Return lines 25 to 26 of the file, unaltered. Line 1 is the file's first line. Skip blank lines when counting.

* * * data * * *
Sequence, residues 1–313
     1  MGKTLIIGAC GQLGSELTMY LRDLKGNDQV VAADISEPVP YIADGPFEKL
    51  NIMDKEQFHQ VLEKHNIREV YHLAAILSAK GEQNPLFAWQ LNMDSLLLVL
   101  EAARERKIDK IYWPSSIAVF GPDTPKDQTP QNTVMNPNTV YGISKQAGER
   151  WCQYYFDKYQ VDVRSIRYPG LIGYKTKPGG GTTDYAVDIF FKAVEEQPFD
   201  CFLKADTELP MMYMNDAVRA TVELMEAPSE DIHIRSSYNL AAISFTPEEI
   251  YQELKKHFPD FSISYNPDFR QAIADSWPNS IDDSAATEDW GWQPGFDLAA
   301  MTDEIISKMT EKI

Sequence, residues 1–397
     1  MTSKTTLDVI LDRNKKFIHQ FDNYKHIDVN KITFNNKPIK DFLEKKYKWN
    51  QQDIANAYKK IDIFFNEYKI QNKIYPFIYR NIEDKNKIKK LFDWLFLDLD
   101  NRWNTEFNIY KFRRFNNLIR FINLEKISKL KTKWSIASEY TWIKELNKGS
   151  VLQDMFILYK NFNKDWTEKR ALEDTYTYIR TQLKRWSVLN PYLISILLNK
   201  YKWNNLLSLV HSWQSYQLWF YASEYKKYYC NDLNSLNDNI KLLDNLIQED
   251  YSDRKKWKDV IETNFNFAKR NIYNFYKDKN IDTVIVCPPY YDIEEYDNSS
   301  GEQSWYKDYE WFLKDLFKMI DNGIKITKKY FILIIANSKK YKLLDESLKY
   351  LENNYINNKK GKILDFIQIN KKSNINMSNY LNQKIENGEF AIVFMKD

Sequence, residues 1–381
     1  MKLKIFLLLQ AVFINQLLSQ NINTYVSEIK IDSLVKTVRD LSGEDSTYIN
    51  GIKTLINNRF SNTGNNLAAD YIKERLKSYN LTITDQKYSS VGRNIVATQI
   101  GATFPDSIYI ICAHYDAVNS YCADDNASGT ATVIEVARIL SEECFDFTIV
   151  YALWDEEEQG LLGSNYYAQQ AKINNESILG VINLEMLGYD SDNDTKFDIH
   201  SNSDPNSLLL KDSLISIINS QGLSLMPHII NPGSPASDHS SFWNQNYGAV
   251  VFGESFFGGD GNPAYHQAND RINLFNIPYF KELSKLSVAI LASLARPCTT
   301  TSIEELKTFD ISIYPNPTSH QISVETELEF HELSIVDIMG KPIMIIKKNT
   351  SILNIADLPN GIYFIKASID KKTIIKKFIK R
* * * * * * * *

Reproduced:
   301  TSIEELKTFD ISIYPNPTSH QISVETELEF HELSIVDIMG KPIMIIKKNT
   351  SILNIADLPN GIYFIKASID KKTIIKKFIK R